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Hurva Synagogue rededicated

JERUSALEM (JTA) — The rededication of an Old City synagogue took place without incident.

More than 3,000 Israeli police were deployed in Jerusalem on Monday for fear that the rededication of the restored Hurva Synagogue, located in the Jewish Quarter of the Old City, would spark Arab rioting.

Rabbis Yona Metzger, the chief rabbi of Israel, and Shmuel Rabinowitz, the rabbi of the Western Wall, together placed the mezuzah on the synagogue door post.

"Pay no attention to malicious slander. All we are doing is resurrecting the Hurva that was destroyed 60 years ago," Metzger said. "All the rumors that suggest we will later march on Temple Mount are just that — rumors."   

On Sunday, amid heavy security, hundreds of people took part in a ceremony to bring a new Torah scroll into the synagogue.

Palestinian leaders had called on Israeli Arabs to flock to Jerusalem and the Temple Mount to protect it, distributing pamphlets claiming that the rededication was the first step toward the construction of a Third Holy Temple.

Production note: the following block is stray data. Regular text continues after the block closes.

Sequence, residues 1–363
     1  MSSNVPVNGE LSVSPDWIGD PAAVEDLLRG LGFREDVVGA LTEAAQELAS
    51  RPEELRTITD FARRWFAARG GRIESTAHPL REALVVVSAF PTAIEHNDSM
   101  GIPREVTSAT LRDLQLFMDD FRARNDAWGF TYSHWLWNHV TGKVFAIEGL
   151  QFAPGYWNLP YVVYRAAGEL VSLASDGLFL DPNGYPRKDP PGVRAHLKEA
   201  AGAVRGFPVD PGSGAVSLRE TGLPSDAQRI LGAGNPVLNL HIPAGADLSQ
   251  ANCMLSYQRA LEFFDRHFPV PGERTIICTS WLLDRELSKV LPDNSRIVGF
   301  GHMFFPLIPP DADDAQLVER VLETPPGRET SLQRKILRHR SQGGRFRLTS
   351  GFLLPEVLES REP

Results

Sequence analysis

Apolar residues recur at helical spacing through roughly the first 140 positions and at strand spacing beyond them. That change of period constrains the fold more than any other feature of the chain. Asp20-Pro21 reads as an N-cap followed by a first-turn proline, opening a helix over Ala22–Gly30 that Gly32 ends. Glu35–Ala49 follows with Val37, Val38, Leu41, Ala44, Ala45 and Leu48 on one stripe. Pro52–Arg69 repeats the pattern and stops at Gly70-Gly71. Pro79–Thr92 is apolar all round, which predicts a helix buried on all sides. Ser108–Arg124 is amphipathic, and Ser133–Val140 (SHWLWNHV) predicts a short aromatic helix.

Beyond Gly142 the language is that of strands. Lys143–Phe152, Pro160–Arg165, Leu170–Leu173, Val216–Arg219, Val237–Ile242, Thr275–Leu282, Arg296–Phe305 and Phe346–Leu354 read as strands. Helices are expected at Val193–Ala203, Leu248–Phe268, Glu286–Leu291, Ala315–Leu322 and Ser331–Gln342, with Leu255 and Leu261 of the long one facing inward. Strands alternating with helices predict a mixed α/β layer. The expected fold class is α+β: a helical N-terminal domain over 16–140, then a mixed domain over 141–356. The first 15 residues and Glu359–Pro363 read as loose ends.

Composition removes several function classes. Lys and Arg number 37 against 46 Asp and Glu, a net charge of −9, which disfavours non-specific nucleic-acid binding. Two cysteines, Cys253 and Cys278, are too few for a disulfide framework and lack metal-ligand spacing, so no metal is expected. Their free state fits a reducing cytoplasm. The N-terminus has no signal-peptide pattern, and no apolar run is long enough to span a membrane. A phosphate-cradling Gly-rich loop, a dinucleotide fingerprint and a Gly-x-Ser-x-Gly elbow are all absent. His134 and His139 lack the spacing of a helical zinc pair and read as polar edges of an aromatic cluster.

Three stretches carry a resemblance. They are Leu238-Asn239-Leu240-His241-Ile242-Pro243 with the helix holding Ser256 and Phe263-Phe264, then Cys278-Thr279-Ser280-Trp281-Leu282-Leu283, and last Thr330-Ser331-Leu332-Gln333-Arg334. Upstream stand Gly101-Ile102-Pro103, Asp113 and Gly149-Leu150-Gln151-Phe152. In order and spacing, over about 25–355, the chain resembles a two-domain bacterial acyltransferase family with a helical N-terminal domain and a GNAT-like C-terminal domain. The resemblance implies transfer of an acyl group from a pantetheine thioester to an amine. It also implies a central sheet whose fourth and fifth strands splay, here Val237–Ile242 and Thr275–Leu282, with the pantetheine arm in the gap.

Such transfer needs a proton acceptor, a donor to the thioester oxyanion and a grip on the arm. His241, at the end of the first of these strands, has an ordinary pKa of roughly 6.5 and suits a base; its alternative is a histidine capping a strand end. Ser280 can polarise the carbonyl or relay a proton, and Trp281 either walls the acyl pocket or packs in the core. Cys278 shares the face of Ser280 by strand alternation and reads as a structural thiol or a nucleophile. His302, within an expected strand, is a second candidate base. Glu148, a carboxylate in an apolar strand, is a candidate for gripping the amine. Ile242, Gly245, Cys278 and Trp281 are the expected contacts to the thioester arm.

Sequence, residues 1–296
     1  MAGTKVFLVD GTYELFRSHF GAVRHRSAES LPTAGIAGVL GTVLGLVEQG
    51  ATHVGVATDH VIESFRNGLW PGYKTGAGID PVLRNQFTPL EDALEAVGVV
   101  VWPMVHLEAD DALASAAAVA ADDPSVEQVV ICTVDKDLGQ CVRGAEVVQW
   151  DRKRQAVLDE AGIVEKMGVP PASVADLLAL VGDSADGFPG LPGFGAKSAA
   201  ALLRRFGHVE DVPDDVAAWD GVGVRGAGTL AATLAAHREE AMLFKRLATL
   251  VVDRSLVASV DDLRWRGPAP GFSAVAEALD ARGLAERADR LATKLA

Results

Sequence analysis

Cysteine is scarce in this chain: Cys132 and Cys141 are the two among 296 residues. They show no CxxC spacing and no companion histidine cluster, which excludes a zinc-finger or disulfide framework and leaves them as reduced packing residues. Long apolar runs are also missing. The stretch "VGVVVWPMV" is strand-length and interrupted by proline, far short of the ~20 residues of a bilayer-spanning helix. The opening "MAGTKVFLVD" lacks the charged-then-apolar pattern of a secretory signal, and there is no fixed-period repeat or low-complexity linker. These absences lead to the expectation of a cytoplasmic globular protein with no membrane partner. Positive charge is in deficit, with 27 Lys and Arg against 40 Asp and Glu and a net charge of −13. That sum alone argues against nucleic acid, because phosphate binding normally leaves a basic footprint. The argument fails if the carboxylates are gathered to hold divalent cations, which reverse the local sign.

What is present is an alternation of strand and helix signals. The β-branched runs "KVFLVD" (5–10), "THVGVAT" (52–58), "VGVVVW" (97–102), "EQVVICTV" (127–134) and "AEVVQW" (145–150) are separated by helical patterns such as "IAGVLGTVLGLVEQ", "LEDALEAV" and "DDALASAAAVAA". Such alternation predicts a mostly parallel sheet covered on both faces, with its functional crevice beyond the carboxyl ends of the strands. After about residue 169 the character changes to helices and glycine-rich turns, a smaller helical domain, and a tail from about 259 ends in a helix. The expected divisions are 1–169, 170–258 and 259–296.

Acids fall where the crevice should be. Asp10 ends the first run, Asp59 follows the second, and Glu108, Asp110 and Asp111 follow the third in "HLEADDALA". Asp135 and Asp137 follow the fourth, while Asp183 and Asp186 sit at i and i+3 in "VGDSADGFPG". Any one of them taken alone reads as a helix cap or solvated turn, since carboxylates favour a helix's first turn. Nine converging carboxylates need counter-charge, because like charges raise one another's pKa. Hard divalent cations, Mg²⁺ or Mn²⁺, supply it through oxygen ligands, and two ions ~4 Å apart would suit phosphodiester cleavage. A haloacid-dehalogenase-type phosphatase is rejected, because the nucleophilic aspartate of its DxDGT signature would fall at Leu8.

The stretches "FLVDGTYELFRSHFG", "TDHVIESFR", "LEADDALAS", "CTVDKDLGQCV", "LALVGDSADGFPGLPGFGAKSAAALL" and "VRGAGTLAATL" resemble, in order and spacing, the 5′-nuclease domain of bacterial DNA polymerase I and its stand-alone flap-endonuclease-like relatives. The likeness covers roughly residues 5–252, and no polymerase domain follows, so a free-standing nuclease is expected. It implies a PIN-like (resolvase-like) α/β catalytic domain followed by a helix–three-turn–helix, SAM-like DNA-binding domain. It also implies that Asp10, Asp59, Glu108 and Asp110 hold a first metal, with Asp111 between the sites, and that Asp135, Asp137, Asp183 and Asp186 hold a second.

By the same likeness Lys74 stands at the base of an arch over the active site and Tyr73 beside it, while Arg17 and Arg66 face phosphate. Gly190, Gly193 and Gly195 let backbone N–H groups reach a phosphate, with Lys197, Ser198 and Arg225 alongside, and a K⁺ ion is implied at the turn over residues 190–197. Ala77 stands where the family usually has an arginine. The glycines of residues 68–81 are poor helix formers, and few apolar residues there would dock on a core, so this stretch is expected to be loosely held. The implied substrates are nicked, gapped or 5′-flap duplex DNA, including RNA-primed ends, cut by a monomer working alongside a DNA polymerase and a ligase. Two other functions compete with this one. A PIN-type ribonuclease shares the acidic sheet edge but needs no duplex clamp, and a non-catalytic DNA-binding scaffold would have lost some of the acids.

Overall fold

The Islamic Movement sent dozens of buses full of Israeli Arabs from around the country to Jerusalem on Monday, Ynet reported.

Khatem Abd el-Kader, the Fatah official responsible for Jerusalem, encouraged Palestinians to “converge on al Aksa to save it” from “Israeli attempts to destroy the mosque and replace it with the [Jewish] temple.” He called the synagogue rededication a “provocation,” cautioning that Israel is “playing with fire.”

The unfinished Hurva Synagogue, whose name means ruins, was destroyed in an Arab riot in 1721. It was rebuilt in the 1860s, but destroyed again after Jordan took control of the area in the 1948 war.

Reconstruction of the synagogue began in 2005, funded by the Israeli government and a private donor.

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